Then there was the Telegraph reporting, which deliberately distorted weak data to produce the headline they desperately wanted in pursuit of their unadulterated pro-Johnson agenda.
That suspending Parliament has “the support of more than half of the public” is a straightforward lie, derived from ignoring the one in five “don’t knows”. In fact, 44% agreed with the dodgy statement, 37% disagreed, and 19% said they did not know. However much you try to slice up the statistical cake, 44% is not half the British public.
There has been at least one accuracy complaint to the puppet press “regulator” IPSO which, if past behaviour is any guide, will now take several months to determine that everything is absolutely fine; or that perhaps a tiny correction might be warranted sometime next decade at the bottom of page 17. By which time either Brexit or Boris (and quite possibly both) will be ancient history.
If this was a single lapse – either by polling company or by publisher – it might be less worrying. But our Brexit-loving press will be using every conceivable device over the next 10 weeks to persuade MPs that a PM with no democratic mandate of his own is reflecting the Will of the People in his determination to crash us out of the EU.
Not only will they be exploiting polling companies who really ought to know better. They will also be exploiting broadcasters who routinely feature the next day’s press headlines in their programmes, as if these come from trusted bi-partisan seekers after truth rather than propaganda machines for Johnson and his band of hardline Brexiteers.
With declining circulations, the Telegraph, Sun, Mail and Express should be less powerful than during their halcyon days of last century’s elections. But their ability to influence agendas in other news organisations, and to provide content for TV programmes that are cash-strapped and seemingly addicted to newspaper headlines whatever their circulations, remain as potent as ever.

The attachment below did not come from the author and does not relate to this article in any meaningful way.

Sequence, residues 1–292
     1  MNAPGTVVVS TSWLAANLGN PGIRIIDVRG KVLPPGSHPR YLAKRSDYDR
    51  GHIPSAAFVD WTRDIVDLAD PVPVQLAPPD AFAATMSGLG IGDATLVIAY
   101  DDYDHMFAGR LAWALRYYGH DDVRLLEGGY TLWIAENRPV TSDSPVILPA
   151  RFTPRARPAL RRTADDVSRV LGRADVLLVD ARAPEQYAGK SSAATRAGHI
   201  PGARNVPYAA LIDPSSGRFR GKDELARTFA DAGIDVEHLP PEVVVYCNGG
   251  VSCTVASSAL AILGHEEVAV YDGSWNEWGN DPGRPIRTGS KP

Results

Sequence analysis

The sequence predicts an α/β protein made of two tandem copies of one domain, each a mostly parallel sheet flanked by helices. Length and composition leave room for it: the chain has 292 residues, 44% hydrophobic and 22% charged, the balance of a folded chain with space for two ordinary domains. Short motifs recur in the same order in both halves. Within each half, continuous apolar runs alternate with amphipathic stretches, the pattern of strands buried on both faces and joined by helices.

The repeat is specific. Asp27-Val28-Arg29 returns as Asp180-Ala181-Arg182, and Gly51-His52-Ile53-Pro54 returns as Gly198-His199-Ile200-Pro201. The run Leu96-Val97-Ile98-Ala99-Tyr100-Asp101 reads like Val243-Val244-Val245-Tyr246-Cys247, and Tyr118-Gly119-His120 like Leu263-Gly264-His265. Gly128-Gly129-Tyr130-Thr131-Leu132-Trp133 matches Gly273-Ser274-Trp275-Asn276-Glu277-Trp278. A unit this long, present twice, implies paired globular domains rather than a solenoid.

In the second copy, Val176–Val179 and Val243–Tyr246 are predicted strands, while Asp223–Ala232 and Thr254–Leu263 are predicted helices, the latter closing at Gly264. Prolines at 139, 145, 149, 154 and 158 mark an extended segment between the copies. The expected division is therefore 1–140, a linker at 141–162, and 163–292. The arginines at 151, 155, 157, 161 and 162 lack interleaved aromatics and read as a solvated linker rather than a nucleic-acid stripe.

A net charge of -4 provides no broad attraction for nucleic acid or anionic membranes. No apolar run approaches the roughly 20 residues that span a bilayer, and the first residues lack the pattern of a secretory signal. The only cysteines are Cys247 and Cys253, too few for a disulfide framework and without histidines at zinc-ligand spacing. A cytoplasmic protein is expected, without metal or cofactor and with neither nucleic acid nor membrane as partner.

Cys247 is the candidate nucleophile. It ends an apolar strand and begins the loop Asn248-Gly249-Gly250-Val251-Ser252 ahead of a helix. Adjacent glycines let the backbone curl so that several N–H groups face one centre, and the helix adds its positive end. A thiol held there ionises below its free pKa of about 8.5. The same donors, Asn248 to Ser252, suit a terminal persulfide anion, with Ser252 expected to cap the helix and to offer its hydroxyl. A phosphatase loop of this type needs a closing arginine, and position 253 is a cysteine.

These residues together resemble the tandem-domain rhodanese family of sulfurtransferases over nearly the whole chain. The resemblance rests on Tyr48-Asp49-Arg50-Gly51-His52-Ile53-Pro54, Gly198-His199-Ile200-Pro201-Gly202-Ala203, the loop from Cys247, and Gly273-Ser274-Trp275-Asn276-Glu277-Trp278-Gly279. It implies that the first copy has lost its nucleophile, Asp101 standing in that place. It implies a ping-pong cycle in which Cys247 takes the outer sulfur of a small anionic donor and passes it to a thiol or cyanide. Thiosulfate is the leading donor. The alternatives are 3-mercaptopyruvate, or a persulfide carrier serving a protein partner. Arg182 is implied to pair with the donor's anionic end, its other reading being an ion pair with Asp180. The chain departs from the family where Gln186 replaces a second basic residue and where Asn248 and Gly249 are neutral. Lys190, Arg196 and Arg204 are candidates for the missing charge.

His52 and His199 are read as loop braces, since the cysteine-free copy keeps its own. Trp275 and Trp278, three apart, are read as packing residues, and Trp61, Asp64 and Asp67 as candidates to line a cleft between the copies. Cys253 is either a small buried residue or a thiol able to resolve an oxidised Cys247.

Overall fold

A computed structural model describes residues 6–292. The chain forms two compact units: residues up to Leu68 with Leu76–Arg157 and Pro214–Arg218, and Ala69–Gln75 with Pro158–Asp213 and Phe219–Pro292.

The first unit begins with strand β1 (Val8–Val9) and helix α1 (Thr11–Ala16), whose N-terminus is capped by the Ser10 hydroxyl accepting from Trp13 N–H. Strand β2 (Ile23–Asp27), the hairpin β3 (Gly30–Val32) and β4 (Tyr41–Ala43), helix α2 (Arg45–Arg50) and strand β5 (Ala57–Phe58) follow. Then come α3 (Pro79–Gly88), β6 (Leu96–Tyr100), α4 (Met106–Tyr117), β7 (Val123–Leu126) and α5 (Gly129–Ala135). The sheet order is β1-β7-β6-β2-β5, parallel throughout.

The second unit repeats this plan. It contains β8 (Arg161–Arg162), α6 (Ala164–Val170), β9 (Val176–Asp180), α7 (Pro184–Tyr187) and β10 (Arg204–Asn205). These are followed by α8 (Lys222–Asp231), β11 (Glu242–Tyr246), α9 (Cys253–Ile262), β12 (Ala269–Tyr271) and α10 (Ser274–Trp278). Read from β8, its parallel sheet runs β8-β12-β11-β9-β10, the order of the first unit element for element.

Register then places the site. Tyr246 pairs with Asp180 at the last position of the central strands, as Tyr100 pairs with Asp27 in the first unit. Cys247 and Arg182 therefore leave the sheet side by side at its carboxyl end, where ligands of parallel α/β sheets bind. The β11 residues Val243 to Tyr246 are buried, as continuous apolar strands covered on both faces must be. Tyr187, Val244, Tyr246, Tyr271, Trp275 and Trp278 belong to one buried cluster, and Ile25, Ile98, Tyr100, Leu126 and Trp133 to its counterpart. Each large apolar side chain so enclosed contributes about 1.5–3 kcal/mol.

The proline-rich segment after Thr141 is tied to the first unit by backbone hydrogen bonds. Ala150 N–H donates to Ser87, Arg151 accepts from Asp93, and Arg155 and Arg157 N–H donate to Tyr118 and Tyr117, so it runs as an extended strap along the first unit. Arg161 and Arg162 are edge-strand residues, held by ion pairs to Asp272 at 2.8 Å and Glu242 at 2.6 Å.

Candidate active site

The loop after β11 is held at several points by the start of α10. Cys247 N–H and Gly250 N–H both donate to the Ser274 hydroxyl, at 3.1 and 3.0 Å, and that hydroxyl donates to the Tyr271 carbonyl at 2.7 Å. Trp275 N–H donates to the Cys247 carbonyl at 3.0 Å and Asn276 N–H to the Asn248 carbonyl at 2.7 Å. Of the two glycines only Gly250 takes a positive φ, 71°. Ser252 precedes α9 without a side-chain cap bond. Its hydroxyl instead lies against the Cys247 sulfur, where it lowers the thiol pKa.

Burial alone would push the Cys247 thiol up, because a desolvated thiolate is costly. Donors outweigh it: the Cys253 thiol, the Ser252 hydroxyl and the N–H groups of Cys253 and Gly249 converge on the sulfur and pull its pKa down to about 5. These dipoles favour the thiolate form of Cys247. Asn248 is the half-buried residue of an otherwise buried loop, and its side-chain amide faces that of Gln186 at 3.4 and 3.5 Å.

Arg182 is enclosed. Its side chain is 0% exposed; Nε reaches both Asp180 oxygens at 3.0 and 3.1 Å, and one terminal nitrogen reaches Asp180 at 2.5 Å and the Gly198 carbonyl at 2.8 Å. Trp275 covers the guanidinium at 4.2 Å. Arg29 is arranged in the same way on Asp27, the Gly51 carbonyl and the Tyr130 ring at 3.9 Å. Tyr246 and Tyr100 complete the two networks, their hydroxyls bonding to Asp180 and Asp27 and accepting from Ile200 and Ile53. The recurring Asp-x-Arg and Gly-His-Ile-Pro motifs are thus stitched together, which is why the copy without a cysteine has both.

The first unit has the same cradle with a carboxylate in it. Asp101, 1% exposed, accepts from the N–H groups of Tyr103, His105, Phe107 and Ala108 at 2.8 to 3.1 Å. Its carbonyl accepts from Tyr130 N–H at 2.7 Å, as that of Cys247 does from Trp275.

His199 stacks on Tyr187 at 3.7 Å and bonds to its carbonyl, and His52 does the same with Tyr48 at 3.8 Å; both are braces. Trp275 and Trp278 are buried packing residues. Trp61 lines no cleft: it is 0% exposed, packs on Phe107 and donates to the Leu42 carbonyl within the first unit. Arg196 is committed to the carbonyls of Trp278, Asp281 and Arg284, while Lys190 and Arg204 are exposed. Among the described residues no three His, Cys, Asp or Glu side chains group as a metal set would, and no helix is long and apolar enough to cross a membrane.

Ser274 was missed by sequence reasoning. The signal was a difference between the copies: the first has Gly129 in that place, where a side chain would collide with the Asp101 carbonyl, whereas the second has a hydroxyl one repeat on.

It will therefore be down to the producers of those programmes on the BBC News Channel and Sky News, as well as Newsnight, Marr, Peston and all the other political programmes that still love to feature our daily papers, to treat every poll and every statement of “public opinion” with a huge dose of scepticism. They need to remember that there are newspaper journalists and editors who, whether deliberately or not, are spreading misleading information under the cloak of “objective” opinion research.
As for the pollsters, it is time they took responsibility for how their work is reported as well as conducted. The Market Research Society used to insist that its members take steps “to check and where necessary amend any client-prepared materials prior to publication”. But many (including ComRes who conducted the Telegraph poll) do not belong to the MRS, and therefore allow themselves to become accomplices to newspaper propaganda.
They, along with responsible broadcasters, academics, and ordinary members of the public, should be watching carefully and calling out bogus claims about public opinion.
This post originally appeared on openDemocracy and is reproduced with the permission of the author